- SOX deficiency assessment. An effective SOX program should reduce the time spent on manual activities. Automated controls will reduce the potential for deficiencies.
- Report. The final stage of SOX control testing is for the auditor to prepare a report on the controls and submit it to the audit committee.
What is SOX Compliance Testing?
SOX compliance testing is how a company’s management or the auditor assesses ICFR as mandated by SOX.
Compliance testing is usually split into phases. The first part is a design testing phase, where a “walk-through” of a transaction process is performed from start to finish. For example, consider the purchase order process. Segregation of duties and potentials for fraud would be examined, from purchase requisition to receipt of goods to payment of the supplier’s invoice.
You would then trace all of this information back into the accounting records. These activities validate that your documentation of the controls and the processes match with what you observed while testing one transaction.
The second, more extensive phase (sometimes broken into multiple steps) is operational effectiveness testing. During this phase, a large sample or the entire population of transactions is tested to see if the control works the same way every time. Here, you’re validating that the controls consistently function as designed.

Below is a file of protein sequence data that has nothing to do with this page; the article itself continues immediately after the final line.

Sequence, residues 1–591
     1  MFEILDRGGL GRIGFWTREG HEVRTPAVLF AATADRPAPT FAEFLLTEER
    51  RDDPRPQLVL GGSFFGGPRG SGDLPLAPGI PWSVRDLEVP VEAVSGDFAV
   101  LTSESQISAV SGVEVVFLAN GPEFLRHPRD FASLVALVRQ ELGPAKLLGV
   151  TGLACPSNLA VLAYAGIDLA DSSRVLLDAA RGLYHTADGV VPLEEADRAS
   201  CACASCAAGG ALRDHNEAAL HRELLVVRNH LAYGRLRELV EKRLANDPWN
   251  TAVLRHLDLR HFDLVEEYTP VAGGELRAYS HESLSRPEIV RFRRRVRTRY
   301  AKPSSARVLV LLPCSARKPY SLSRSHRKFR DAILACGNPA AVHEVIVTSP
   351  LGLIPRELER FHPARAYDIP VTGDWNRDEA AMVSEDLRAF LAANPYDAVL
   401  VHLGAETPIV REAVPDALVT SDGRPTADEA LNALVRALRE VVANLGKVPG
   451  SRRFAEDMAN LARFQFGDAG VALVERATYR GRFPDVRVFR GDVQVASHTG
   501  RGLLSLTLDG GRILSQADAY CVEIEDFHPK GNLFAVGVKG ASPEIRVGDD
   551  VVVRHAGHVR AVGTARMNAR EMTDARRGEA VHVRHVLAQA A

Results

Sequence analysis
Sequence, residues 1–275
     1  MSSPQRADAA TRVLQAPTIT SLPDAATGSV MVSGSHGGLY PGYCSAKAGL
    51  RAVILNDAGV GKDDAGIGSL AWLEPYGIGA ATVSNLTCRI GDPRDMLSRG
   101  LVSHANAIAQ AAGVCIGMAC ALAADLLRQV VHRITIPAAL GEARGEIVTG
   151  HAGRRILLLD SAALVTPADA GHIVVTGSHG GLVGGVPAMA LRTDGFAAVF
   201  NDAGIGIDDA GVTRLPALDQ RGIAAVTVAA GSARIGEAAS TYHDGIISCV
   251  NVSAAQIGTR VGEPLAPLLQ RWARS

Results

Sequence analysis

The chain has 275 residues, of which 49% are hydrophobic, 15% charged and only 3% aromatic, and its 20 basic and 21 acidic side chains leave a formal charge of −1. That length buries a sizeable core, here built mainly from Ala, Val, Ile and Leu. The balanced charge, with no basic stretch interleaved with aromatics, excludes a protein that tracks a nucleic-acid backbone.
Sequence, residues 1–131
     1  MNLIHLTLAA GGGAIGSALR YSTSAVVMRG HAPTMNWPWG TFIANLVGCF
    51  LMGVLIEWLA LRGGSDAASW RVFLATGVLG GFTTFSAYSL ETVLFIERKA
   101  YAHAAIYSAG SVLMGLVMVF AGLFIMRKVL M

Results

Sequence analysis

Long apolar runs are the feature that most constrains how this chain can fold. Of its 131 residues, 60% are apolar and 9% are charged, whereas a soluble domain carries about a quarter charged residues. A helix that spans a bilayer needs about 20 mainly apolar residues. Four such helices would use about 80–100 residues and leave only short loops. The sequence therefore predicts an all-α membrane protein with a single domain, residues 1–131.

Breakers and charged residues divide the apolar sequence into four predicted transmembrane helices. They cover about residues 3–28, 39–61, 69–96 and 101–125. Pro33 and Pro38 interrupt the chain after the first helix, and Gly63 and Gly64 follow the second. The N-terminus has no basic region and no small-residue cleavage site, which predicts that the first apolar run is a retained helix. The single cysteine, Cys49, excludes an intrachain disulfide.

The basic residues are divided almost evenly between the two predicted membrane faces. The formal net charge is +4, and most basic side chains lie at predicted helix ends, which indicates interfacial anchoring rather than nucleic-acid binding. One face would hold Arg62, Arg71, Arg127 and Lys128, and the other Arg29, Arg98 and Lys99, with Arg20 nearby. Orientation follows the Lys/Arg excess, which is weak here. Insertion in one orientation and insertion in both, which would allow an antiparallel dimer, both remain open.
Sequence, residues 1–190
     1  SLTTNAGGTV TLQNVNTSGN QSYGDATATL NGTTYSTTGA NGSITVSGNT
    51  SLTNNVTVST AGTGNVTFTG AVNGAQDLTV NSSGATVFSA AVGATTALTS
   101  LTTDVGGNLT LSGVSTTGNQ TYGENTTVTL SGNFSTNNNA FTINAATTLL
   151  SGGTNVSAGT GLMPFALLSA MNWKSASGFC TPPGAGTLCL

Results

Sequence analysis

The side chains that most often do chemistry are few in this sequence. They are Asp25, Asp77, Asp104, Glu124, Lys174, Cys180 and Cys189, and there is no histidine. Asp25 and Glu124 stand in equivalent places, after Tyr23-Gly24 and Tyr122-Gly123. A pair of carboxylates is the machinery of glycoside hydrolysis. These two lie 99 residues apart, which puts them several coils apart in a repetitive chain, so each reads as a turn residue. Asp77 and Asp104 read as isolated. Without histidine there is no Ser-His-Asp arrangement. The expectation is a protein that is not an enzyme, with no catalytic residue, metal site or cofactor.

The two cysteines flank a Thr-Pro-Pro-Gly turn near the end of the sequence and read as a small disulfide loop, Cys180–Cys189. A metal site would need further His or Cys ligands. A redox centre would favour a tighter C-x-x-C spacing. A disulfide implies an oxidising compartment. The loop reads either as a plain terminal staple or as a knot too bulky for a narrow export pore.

Internal compliance teams typically test controls three times throughout the calendar year. The last one is a year-end test to assure compliance requirements are being met.
In addition, a company is required to maintain documentation supporting management’s assessment of the company’s internal controls over financial data.
Operational effectiveness testing is a large portion of Section 404. Management performs an internal audit, completing SOX testing for all essential controls to confirm those controls function as designed. Management then concludes that there are no deficiencies, issues, or errors; or documents any such shortcomings that management does find.
Management can then affirmatively state it performed its SOX compliance testing and concludes that its internal SOX reporting controls over data security are in place and working.
What are SOX Internal Controls?
Internal controls are used to detect and prevent risks in the organization’s processes that might prevent the company from achieving its objectives. For example, SOX regulatory requirements for public companies include establishing internal controls for operations that affect financial reporting.
SOX 404 controls are guidelines that can help a company’s financial reporting processes avoid and detect errors. These controls should be applied and verified at all stages of the company’s financial reporting processes. In addition, internal auditors should conduct periodic compliance audits to verify that adequate controls are in place and functioning correctly.
This standard does not provide a list of specific controls. Instead, it requires organizations to define their processes and internal controls in whatever way allows the company to meet SOX compliance objectives. These may include, for example, access control, change management, segregation of duties, cybersecurity solutions, and backup systems.